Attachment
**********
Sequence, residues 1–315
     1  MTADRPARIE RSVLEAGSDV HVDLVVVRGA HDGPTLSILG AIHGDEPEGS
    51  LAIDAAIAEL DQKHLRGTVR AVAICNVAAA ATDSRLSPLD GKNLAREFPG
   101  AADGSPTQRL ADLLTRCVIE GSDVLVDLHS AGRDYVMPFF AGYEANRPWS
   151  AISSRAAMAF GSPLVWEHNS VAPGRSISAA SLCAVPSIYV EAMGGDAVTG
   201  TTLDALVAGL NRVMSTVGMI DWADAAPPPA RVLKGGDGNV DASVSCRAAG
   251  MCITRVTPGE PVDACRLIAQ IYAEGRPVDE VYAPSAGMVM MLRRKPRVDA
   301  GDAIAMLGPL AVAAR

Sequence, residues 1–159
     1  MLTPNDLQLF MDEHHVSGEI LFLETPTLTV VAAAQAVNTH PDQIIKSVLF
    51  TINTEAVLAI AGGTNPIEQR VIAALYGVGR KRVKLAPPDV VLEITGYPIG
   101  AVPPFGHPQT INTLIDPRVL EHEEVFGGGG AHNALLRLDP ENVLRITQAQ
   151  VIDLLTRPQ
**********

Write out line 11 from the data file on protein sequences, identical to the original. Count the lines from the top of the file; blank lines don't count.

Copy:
    51  TINTEAVLAI AGGTNPIEQR VIAALYGVGR KRVKLAPPDV VLEITGYPIG